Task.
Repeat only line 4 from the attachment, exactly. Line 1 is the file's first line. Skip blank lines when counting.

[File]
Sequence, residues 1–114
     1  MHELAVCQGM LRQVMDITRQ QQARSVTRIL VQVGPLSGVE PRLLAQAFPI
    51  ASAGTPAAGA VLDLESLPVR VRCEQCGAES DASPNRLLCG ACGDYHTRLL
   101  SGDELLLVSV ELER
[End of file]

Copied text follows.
   101  SGDELLLVSV ELER